Stakeholders who seek to reward or punish businesses for their environmental programs often cannot observe these organizations’ internal policies and operations. To address these informational problems, and signal their beyond-compliance environmental commitments, some businesses are participating in voluntary environmental programs (VEPs). This article examines whether business managers associate the brand value of VEPs—due to their differing program sponsors—with the perceived preferences of their critical stakeholders. Drawing on a novel data set of nearly 300 organizations, we assess business’ participation in 19 government- and industry-sponsored VEPs. We find that managers who recognize the importance of stakeholder influences on their business’ environmental practices are more likely to participate in a VEP but that pressures from different stakeholders are associated with variations in organizations’ participation in either government- or industry-sponsored VEPs.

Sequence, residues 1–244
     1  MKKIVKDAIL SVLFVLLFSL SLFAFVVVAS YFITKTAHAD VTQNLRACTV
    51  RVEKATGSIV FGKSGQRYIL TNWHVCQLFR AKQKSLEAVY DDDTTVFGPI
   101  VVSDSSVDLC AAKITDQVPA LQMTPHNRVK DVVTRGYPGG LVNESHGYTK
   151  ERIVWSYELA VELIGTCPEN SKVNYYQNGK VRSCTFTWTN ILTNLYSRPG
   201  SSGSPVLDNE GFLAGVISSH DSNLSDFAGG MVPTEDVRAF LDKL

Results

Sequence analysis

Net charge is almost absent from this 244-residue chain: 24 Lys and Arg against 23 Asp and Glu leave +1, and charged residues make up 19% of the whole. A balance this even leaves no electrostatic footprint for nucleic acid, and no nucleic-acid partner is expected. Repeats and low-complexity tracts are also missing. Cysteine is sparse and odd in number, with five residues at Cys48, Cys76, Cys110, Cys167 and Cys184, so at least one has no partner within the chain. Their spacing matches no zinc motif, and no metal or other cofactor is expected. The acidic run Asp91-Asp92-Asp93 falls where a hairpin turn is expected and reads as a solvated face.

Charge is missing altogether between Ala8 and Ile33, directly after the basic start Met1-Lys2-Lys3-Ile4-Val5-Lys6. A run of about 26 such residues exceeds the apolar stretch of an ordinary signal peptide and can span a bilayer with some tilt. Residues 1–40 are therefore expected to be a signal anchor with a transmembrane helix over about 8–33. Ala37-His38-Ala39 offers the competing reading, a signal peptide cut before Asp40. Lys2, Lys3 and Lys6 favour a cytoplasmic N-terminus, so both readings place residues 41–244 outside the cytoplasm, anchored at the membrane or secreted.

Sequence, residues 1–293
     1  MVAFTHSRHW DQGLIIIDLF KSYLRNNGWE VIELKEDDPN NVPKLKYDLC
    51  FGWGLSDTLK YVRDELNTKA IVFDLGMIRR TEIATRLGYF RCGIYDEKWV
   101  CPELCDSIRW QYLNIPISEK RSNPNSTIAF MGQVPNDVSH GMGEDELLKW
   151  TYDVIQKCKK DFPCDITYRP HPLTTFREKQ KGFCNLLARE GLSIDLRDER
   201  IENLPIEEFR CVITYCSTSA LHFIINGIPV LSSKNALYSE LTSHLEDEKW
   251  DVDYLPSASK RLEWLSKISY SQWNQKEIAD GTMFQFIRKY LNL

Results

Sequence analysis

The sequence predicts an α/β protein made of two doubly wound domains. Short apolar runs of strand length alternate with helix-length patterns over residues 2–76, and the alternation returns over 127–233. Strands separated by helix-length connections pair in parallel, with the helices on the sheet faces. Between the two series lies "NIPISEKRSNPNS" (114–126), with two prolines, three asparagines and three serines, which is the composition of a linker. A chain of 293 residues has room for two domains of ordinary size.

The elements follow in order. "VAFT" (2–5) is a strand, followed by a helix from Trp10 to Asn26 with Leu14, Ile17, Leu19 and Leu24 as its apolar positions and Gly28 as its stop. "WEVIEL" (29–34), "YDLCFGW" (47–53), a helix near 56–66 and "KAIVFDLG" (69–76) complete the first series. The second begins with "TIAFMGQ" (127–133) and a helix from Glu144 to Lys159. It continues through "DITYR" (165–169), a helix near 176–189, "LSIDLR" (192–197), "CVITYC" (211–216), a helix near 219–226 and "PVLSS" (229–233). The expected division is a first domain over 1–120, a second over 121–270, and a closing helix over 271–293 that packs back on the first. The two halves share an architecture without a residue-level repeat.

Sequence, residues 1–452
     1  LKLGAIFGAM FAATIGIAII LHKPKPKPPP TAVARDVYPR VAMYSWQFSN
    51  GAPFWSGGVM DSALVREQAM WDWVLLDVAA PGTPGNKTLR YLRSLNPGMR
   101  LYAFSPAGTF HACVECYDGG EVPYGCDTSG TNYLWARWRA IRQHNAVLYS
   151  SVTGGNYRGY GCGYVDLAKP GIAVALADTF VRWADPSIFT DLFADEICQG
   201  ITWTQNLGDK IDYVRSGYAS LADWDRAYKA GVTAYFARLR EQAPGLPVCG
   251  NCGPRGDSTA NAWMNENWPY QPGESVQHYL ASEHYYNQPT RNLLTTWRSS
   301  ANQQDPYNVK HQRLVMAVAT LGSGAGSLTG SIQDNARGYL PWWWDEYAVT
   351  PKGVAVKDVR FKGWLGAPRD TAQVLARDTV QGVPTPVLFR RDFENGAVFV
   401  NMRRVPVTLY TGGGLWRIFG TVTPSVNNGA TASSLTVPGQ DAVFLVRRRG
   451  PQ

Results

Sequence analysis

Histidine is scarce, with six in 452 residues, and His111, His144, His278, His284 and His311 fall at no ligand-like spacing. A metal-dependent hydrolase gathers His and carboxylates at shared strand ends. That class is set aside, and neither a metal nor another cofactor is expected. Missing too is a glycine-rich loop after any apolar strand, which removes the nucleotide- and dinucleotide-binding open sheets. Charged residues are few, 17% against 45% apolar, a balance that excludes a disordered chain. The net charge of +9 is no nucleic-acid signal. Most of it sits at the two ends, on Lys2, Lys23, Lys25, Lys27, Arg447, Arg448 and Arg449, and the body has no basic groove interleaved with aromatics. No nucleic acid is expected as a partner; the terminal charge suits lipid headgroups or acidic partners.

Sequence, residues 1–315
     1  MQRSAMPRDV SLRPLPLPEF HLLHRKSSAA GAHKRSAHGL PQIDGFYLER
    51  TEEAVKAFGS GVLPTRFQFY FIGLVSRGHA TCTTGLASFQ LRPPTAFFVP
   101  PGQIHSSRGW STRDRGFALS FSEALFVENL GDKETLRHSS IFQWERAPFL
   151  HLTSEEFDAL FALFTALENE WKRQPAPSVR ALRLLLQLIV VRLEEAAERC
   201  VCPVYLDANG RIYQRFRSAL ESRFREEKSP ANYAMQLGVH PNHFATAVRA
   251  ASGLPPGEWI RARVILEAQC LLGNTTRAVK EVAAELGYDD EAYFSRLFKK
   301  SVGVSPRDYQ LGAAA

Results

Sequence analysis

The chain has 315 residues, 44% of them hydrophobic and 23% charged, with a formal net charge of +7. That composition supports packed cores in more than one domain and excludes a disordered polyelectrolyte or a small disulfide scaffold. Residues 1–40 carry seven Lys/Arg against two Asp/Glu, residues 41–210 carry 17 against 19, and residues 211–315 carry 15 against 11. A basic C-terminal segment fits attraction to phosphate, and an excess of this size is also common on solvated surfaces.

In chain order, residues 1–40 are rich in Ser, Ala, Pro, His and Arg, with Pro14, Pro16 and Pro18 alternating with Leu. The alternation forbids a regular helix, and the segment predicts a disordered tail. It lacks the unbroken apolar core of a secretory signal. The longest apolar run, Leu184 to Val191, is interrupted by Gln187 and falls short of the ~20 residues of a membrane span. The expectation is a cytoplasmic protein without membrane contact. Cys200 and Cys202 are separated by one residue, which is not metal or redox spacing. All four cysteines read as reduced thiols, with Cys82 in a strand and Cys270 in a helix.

Darnall N, Potoski M & Prakash A. 2010. Sponsorship matters: assessing business participation in government- and industry-sponsored voluntary environmental programs. Journal of Public Administration Research and Theory 20(2), 283-307.